Published by Minyanville
Venezuela claims it now has the world’s largest proven crude oil reserves, after the leftist South American nation added 86.41 billion certified barrels to its stockpile, taking its total to 296.5 billion barrels. Saudi Arabia is estimated to have 267 billion barrels. The petroleum sector makes up roughly a third of Venezuela’s GDP and 80% of total exports, so the news is a boost to the country’s economy.
However, the government is attempting to cut at least 100,000 barrels a day of domestic fuel consumption, because it loses $1.5 billion a year subsidising the cost of fuel, making it the cheapest in the world. Filling up a large car costs about a dollar here, with gas costing around $0.12 per gallon - frozen for the past 12 years.
"Know this: Every time you fill a tank of gas... the government is subsidizing 90% of what that gasoline actually costs," Chavez said on Sunday during his weekly Alo Presidente! TV programme.
The amount of fuel used by Venezuelans in 2010 rocketed as power shortages forced the country to use oil for electricity production.
The state-run oil company Petróleos de Venezuela (PDVSA) saw net profits total just under $3.5 billion, an increase of 35% between January and September 2010, compared with the same period in 2009, as oil prices went up and usage increased. Sales in the country dropped to less than 1.5% of total sales.
PDVSA is also expected to suffer cash flow problems because of political favors from the Venezuelan government to Cuba, various Caribbean countries, and China. Barclays Capital (BCS) expects PDVSA to not receive up to $10.7 billion in 2012 and $9.4 billion in 2011 because of the export conditions imposed by the government, including the offer of a 50% disount to the Caribbean countries.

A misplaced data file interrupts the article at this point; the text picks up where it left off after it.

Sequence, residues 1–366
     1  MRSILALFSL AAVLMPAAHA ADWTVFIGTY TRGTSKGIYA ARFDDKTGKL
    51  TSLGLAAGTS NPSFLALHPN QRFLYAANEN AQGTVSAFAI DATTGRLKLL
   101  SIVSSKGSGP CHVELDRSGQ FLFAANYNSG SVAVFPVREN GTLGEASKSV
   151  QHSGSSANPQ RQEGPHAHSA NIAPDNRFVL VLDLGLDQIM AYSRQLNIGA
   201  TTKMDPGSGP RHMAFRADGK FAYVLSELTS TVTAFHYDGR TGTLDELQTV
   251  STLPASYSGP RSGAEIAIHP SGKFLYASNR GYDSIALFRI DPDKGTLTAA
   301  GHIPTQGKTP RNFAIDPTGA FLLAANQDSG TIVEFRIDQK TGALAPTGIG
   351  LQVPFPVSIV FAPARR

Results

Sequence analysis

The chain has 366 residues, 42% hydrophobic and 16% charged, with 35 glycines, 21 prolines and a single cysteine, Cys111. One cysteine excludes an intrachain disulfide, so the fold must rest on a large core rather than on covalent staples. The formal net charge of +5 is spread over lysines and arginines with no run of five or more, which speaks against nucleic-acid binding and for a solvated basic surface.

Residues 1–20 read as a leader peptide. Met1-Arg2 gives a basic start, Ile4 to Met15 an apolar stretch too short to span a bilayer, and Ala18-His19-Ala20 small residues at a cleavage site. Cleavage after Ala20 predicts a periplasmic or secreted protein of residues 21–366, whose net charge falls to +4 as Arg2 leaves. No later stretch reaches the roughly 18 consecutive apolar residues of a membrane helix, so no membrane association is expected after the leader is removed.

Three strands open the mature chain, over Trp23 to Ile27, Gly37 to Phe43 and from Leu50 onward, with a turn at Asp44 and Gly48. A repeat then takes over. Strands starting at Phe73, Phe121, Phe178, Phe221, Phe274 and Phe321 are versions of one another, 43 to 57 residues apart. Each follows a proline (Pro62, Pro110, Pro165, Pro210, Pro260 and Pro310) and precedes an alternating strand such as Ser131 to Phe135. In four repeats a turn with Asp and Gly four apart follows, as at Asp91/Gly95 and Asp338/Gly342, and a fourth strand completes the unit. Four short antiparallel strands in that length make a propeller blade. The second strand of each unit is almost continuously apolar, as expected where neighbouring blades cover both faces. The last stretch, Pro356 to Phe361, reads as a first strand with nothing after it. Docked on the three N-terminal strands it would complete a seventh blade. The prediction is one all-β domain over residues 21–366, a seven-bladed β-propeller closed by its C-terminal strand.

In 2010, PDVSA spent $13 billion on social programs in Venezuela, according to Rafael Ramirez, Venezuelan oil minister and head of the company.
President Hugo Chávez’s hasty nationalization may cause a further loss for PDVSA’s coffers as John Wood Group (WG) has filed an international arbitration request that seeks about $100 million in compensation for assets seized in 2009. PDVSA took over assets of the company, and others, as Chávez ordered the nationalization of service firms operating on Lake Maracaibo.
Socialist Outreach: Venezuela and Cuba have set up a new undersea fiber optic internet cable across the Caribbean, allowing Cuba to "reinforce its sovereignty", according to Cuban Information and Communications Minister Medardo Diaz, following "the genocidal blockade imposed by successive American governments."
The cable is valued at $70m and runs 1,600 km from Camuri, Venezuela, to Santiago de Cuba, Cuba. It will become operational in July, allowing a connection of 640 gigabyte per second and data transmissions 3,000 times faster than currently in Cuba. Venezuela is financing the cable, laid by French company Alcatel-Lucent SA.
The cable also reached Jamaican shores on Tuesday, with Venezuelan officials hoping to connect the entire region.
Testy Times: However, relations with Colombia are not so strong, despite efforts to bring the two countries closer together. Chávez and his Colombian counterpart, Juan Manuel Santos, signed an agreement in November seeking to boost commerce. However, the head of the Venezuelan-Colombian Economic Integration Chamber, is not impressed.
"Commerce has been falling due to restrictions on free trade," Daniel Montealegre told the LA Times. “In order for commerce to flow freely again, obviously trust regarding debt payments must first be created.”
Trade between the countries totalled $1.68 billion in 2010, down 63% from 2009. Total commerce in 2008 topped $6 billion.
The Gold Inflation Matrix: Inflation is hitting Chávez’s Venezuela hard, up 25.01% in one year. Wages have not followed suit, with the Workers' Center for Documentation and Social Analysis (CENDA) claiming that a household now requires four minimum wages to meet the most basic needs.
The cost of the household basket of food, good and services in January amounted to $1,174.73 (at the official exchange rate of VEB 4.30 per USD). This is up 1.5% compared to December 2010, when it rose 0.9% compared to November 2010. The figure is a 25.01% rise since January 2010.
Venezuela’s central bank gold reserves increased 12% in the second half of 2010, while reserves in foreign banks fell 37% in the same period. Gold reserves in the country were worth $9.86 billion in December 2010.